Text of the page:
Some of humanity’s greatest scientific inventions—penicillin, X-rays, pacemakers, the microwave—were all created after researchers accidentally discovered how they could work.
Now we can add a new, monumental creation to that list: a mutant enzyme that starts degrading plastic into its original, natural components, discovered by sheer accident.
Two years ago, Japanese scientists discovered a plastic-eating bacterium that could break down Polyethylene terephthalate (PET) plastics in about six weeks by secreting an enzyme. PET is typically found in plastic bottles and takes 400 years to degrade naturally.
To see how the PET-killing enzyme worked, a different group of scientists tweaked its molecular structure to see how much it would slow down the degradation speed. Against their wildest expectations, the manipulated enzyme broke down PET plastics faster than the original.
John McGeehan, a professor at University of Portsmouth, UK, led the research, and told the Guardian that, while the discovery was “a bit of a shock”, he’s incredibly excited about the implications.
While the tweaked enzyme was only “20% better” than the original, McGeehan claimed the percentage was irrelevant: “It tells us that the enzyme is not yet optimized. It gives us scope to use all the technology used in other enzyme development for years and years and make a super-fast enzyme.”
Other industrial enzymes for purposes like biofuel production have apparently been supercharged into working “1,000 times faster” than natural bacterial enzymes “in a few years”, and McGeehan’s team wants to replicate that speed for their PET destroyer.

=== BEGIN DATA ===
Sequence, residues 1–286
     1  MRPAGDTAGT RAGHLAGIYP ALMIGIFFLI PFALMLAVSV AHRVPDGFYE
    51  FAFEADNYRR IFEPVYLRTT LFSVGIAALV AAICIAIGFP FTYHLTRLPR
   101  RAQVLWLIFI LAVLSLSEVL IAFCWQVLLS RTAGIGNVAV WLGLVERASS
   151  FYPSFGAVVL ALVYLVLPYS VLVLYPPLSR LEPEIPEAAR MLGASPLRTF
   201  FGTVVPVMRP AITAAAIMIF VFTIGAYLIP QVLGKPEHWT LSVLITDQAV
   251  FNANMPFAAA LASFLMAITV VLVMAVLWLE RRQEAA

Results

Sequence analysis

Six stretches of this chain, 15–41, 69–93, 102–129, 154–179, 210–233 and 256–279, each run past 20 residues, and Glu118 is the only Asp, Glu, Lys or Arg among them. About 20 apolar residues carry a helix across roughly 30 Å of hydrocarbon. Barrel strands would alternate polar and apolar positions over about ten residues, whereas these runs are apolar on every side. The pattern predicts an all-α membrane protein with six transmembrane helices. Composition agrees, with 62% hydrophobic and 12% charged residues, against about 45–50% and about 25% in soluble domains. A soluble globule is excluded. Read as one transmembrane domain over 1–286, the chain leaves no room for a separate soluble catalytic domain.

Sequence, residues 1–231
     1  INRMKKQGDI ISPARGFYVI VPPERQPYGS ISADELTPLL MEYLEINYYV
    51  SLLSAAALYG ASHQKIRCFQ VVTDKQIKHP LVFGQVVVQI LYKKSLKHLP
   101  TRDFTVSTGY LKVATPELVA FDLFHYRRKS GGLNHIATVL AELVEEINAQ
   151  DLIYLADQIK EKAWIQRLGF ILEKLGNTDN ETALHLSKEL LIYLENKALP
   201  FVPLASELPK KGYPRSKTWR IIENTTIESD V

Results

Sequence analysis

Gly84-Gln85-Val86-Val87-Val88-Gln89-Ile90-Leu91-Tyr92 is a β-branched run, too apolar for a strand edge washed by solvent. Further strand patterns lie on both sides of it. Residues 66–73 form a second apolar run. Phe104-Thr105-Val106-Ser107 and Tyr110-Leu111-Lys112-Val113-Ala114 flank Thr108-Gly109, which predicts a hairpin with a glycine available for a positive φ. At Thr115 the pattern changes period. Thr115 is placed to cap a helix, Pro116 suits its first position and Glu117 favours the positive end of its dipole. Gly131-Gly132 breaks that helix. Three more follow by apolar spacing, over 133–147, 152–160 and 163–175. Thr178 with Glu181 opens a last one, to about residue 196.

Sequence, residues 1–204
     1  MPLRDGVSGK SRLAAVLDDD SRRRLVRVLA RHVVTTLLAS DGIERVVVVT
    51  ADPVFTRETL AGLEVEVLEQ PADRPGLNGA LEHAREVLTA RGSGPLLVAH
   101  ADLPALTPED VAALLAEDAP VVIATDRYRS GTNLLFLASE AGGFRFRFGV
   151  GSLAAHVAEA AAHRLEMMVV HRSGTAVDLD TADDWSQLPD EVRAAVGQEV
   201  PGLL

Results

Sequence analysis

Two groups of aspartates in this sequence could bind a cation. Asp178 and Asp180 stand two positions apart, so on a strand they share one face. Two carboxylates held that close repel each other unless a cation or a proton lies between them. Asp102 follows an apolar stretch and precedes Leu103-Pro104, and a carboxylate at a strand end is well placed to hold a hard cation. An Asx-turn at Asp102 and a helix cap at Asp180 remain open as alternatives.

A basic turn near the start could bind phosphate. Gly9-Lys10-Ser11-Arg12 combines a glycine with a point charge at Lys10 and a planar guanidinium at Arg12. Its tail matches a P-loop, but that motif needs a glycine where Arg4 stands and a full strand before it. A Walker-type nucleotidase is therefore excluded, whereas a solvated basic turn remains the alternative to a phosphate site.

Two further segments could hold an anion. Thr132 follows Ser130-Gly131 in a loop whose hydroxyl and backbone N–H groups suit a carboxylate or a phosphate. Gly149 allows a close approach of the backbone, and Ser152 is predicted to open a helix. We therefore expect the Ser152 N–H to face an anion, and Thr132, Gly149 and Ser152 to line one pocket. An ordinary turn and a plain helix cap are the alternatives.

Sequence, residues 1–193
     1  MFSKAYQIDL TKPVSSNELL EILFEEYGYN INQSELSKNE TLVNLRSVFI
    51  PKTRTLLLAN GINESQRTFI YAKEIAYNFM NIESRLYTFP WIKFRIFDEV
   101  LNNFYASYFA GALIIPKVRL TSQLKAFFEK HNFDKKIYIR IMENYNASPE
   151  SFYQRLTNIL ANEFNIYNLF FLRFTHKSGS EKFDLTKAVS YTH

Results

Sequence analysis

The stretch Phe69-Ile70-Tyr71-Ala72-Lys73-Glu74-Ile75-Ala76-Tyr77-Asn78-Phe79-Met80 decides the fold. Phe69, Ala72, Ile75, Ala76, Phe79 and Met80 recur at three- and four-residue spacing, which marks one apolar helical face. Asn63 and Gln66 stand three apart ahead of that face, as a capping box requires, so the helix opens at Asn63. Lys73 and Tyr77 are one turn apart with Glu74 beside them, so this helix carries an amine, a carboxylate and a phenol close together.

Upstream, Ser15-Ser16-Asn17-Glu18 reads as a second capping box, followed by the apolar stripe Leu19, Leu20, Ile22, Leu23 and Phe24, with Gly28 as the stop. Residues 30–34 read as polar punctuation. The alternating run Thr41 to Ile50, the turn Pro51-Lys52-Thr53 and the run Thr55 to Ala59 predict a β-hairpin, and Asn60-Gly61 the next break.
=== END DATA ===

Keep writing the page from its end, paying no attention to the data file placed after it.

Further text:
Currently, the enzyme takes “a few days” to begin breaking down plastics, and about six weeks to finish the process. Divide 42 days by 1,000, and you’re looking at only 10 hours. Mass-produced, fully-optimized enzymes, which are non-toxic and biodegradable, could have a significant impact on our huge plastic piles in a short amount of time.
A desperately needed solution
Over a million plastics bottles are produced every minute, and nations overflowing with plastics are dumping these bottles into the sea, where they form ocean habitat-destroying piles. And to replace those bottles, plastic makers drill for oil to produce more PET.
“Oil is cheap, so virgin PET is cheap,” said McGeehan, but by recycling plastics back into plastic materials, “we won’t need to dig up any more oil”.
To combat these ever-growing garbage islands, scientists like McGeehan will attempt to turn their enzyme into a spray that can be deployed on floating refuse.
Most scientists seem to find this promising, but one University of Manchester Professor, Adisa Azapagic, warned the Guardian that rapidly dissolving these plastics could have unintended consequences.
“A full life-cycle assessment would be needed to ensure the technology does not solve one environmental problem – waste – at the expense of others, including additional greenhouse gas emissions,” Azapagic said.
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